Bloomberg didn’t elaborate on the part of Orbán’s speech that dealt with human rights. Orbán is mighty upset over the European Court of Human Rights/ECHR’s verdict that fined the Hungarian government for the ill treatment of two refugees from Bangladesh. In fact, Fidesz politicians were so upset that they were quite seriously talking about withdrawing Hungary from adherence to the European Convention of Human Rights. Of course, cooler heads prevailed. The hotheads calmed down once the minister of justice said that the government, although it will appeal the verdict, has no intention of taking such a foolish step. But it seems that the Hungarian government is not satisfied with a simple appeal. Viktor Orbán wants “urgent reforms” of the ECHR because “its judgments were a threat to the security of EU people and an invitation for migrants.” It is a mystery why Orbán thought that the EPP’s annual congress was the best place to suggest reform of the court when it functions under the aegis of the Council of Europe, which is a different entity from the European Union.

Orbán also decided to bring his ideological fight to the fore when he called the European Left “fatal for Europe.” Leftist politicians “want to force bureaucratic rules in our labor market, raise taxes, and … build socialism in Europe.” He called on his fellow Christian Democrats to fight these forces. “We are the EPP. We should not be afraid of leftist criticism calling us populist.” According to Euractiv, these words were received enthusiastically, which I find strange because practically no one considers the Christian Democrats populists. We normally talk about them as politicians of the right of center. The label “populism” is reserved for politicians of the far right, for example, Viktor Orbán and leaders of populist parties all over Europe. In this regard, it should be noted, Fidesz’s presence in the EPP delegation is something of an anomaly.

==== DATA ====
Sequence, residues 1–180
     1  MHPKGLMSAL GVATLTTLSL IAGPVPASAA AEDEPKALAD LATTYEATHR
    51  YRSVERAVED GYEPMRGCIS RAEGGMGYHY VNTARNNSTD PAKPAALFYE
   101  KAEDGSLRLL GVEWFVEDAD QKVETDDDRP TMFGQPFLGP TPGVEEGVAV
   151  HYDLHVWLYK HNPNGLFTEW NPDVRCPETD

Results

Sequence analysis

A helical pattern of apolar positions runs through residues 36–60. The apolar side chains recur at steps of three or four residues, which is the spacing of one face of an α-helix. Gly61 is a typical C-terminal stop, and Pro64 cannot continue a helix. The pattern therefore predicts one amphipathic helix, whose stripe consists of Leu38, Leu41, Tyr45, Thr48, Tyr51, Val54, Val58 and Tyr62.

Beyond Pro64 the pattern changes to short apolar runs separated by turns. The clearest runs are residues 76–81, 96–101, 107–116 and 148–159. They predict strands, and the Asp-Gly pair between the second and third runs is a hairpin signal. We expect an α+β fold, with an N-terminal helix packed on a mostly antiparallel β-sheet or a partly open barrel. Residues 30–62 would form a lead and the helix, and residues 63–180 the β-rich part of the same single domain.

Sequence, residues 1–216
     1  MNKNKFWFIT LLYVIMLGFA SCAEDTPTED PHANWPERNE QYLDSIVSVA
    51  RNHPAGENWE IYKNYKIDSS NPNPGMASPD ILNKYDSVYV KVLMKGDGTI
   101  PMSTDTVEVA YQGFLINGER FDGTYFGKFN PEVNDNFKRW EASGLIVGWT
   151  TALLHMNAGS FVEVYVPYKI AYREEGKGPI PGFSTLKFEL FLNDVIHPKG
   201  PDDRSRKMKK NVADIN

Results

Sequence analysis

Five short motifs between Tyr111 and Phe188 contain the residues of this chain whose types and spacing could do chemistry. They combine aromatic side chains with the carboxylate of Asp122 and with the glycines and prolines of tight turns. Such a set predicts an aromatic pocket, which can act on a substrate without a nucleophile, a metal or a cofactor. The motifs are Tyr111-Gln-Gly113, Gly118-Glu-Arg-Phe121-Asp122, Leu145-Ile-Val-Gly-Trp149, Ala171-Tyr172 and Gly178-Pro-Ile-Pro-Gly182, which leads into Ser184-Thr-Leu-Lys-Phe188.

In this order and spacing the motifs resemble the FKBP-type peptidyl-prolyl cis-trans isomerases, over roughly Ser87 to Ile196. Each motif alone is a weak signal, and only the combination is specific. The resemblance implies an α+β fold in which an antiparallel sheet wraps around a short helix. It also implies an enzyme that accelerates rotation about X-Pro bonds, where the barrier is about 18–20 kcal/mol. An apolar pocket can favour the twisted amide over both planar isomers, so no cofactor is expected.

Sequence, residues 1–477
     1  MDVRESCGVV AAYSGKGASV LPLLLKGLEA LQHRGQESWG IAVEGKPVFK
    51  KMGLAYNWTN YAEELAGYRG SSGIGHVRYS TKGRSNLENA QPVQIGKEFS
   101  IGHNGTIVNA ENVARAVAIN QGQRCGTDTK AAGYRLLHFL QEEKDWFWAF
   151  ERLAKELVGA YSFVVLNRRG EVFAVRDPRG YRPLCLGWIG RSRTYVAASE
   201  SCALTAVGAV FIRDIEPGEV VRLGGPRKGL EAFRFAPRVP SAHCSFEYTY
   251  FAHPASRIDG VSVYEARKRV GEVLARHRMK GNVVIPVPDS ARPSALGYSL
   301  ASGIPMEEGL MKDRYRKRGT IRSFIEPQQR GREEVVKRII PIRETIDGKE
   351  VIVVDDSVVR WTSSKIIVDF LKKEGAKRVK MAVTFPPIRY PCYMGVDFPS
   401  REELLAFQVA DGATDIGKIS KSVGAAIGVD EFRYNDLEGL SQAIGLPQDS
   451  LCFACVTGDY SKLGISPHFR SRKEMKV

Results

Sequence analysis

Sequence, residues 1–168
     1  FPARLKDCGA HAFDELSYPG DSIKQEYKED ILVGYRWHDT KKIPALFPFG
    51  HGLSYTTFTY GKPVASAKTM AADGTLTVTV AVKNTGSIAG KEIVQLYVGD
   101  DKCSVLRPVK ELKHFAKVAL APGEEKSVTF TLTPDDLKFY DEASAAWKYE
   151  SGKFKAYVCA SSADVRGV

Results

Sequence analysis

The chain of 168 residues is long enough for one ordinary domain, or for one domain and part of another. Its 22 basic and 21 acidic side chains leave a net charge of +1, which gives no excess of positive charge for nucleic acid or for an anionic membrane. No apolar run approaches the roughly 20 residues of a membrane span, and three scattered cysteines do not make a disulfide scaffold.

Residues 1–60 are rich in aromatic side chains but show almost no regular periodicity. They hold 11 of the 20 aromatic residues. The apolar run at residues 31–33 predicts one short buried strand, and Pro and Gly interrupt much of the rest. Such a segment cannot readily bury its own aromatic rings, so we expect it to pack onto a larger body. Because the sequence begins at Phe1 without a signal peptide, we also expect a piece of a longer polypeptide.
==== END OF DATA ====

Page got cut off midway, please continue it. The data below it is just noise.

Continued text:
My sense is that because of Viktor Orbán’s behavior in the past few years, Hungary is isolated even within the EPP. For instance, at the congress there were several panels on a range of topics where experts and politicians gave speeches or led discussion groups. There was not one Hungarian leading such a group. Hungary was represented only once, on a panel discussion organized by the Konrad Adenauer Foundation in which János Martonyi, the former Hungarian foreign minister, was one of the participants. Martonyi has the reputation of being a respectable diplomat, and Viktor Orbán usually trots him out when he wants to show the better side of his government and Fidesz.

There was one piece of news from the congress about which the Hungarian government media was silent. The EPP adopted a resolution on “Russian disinformation undermining Western democracy.” We learned about the existence of this resolution from István Ujhelyi, an MSZP member of the European Parliament, who wrote about it on his Facebook page. He pointed out that Viktor Orbán signed the document, but obviously the party and the government were not too eager to advertise this fact.

The path to this resolution started with an open letter by members of the EPP to Federica Mogherini, High Representative of the European Union for Foreign Affairs and Security Policy. The letter asked her to “Please start taking the Russian disinformation threat seriously!” Apparently, she didn’t answer “nor did she acknowledge what the letter’s signatories seemed to want her to say: that Russian disinformation, as well as the separate but related issues of illiberalism and political extremism, is increasingly becoming a big problem in Europe, and specifically in the ‘Visegrad Four’ countries in Central and Eastern Europe, the Czech Republic, Hungary, Poland, and Slovakia.”

Unfortunately, I very much doubt that Viktor Orbán’s signature on this declaration will make any difference in the government media’s pro-Russian orientation.